David Textile Inc. announced Monday that its chief executive officer and its chairman, Richard F. Smith, died at age 93.
The company said in a statement that Mr. Smith was the son of a cotton mill operator and worked for the company as an executive for more than 30 years.
It said Mr. F. was a leader who helped shape the company’s vision for its future.
He was a visionary in many ways, but also an executive who brought the business and the company together in ways that were most meaningful to the company, Mr. Miller said in the statement.
“The business we’ve built over the past quarter century is unparalleled, and we thank him for that,” Mr. Stone said.
David Textiles has about 7,000 employees, according to the latest available figures.
It employs more than 1,600 people across its operations and manufacturing centers in Georgia, Kentucky, Missouri and Texas.
The death of Mr. Sayers, who is survived by his wife, Dorothy Sayers and two daughters, was announced Monday by David Textil, which is based in Atlanta.
Mr. Sayer was in his early 90s and worked on the company from the early 1970s to the late 1980s, the company said.
The Sayers family issued a statement Monday saying they were “deeply saddened” by the loss of their father and that “all of us at the company share in his passing.”
“Our thoughts and prayers are with the family of David Sayers as they mourn his passing,” it said.
“He was an amazing human being, and his death is a tremendous loss to us all.
He was an integral part of our family and will be missed dearly.”
David Textile is based at its headquarters in the Atlanta suburb of Marietta.
The business has struggled with rising costs and shrinking demand in recent years.
In 2012, David Textels said it planned to cut back on its production of cotton, a move that has since been reversed.
David Smith had been the CEO of David Textils since 2001 and was known for being a visionary.
He had led the company to unprecedented growth, including a $1.2 billion purchase of a U.S. cotton mill in 2005 and its acquisition of a Georgia mill in 2010.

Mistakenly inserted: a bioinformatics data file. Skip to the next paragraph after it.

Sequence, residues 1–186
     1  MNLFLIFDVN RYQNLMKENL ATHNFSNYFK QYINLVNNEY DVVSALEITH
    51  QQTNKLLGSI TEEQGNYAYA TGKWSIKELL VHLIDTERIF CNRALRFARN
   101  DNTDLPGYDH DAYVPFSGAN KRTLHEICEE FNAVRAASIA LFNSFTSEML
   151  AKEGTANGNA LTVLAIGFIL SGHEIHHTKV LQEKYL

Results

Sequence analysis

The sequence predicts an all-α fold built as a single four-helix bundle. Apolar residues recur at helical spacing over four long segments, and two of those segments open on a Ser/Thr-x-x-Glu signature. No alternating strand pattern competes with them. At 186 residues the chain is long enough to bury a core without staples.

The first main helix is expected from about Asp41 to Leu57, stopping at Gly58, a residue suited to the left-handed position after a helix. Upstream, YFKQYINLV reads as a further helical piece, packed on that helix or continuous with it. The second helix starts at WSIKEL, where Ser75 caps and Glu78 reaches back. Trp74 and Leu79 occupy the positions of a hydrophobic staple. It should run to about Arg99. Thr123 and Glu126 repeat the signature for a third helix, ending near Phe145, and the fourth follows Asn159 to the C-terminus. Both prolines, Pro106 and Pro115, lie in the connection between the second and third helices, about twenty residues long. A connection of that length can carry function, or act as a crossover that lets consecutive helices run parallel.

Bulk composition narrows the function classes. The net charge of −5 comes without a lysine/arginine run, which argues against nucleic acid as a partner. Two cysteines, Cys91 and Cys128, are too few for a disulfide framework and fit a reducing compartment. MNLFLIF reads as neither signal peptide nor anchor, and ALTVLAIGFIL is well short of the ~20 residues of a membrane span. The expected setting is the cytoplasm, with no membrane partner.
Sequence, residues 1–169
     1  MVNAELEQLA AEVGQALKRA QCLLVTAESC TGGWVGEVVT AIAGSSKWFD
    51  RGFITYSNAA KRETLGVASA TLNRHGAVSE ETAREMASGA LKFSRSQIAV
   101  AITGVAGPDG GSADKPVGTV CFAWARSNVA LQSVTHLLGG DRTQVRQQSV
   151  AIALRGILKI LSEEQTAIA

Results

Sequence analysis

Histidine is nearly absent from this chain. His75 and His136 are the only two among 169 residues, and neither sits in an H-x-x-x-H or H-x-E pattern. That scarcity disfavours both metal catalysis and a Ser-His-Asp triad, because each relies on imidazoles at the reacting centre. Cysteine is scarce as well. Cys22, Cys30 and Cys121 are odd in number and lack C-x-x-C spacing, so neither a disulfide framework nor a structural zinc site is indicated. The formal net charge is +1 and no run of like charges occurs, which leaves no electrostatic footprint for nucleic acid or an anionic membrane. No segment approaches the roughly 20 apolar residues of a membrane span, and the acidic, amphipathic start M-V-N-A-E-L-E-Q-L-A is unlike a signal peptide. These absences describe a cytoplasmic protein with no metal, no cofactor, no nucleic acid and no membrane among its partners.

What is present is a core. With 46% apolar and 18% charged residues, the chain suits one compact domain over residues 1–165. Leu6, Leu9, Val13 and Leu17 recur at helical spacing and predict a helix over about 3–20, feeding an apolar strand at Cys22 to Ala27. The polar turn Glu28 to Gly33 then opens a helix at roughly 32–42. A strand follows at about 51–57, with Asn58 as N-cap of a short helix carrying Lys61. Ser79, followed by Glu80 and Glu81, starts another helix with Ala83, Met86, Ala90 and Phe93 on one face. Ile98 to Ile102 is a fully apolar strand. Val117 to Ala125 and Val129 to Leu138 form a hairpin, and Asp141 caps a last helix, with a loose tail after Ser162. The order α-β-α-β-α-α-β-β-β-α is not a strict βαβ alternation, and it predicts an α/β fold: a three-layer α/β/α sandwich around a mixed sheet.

Mr Smith led David Textys turnaround efforts after the recession and was credited with helping the company avoid bankruptcy.
David Sayers was known as a strong manager, with an entrepreneurial streak that stretched across the company and helped it build its workforce, the business said.
He led the transition to a more automated operation and the establishment of its global headquarters in Atlanta, where he also led efforts to grow the company in the U.K., Mexico and China.
David was a member of the U-S-A club of American business leaders, and he was a key adviser on key business issues to U.N. Secretary-General Ban Ki-moon and other world leaders, including China and Cuba.
David worked at David Textili in its manufacturing and distribution centers from the mid-1970s until 2002.
He took on additional duties as president and CEO in 2010 and 2011, when the company started using a robotic process to cut costs and expand its operations.
David became a board member of David’s family-owned textile business in 1995.
David had a long career in business and philanthropy.
He served on the boards of several philanthropic groups and served as a senior adviser on global issues to the Clinton administration, including the Clinton Global Initiative.
David’s sister, Joan Sayers Smith, is an adviser to the Clintons, serving as a vice president on the board of the Bill, Hillary and Chelsea Clinton Foundation.
David joined the Clintons in 1994 and served on its board of directors from 2000 until 2009.
He also served on their presidential transition team.
David also served as the chairman of the board at the University of Georgia, where his father founded the university’s College of Engineering and Applied Science.
David graduated from the university with a degree in mechanical engineering and is a graduate of Georgia Tech and Johns Hopkins universities.
He received the George W. Bush Presidential Medal of Freedom in 2000, the George Herbert Walker Bush Medal of Excellence in 2006 and the William Henry Harrison Medal of Achievement in 2010, among other awards.
David Stone, the son and former chairman of David Smith, said in an interview Monday that his father had “a great deal of integrity and a very great vision for the future of the company.”
“He built the company into one of the most successful textile companies in the world, and I have no doubt he would have been proud of that,” he said.
A spokesman for Mr. Clinton declined to comment.
David and his wife also founded a clothing company, the David Stone Company, in 1993.
David died in March of 2016 at the age of 88, his family said in his obituary.
The Associated Press contributed to this report.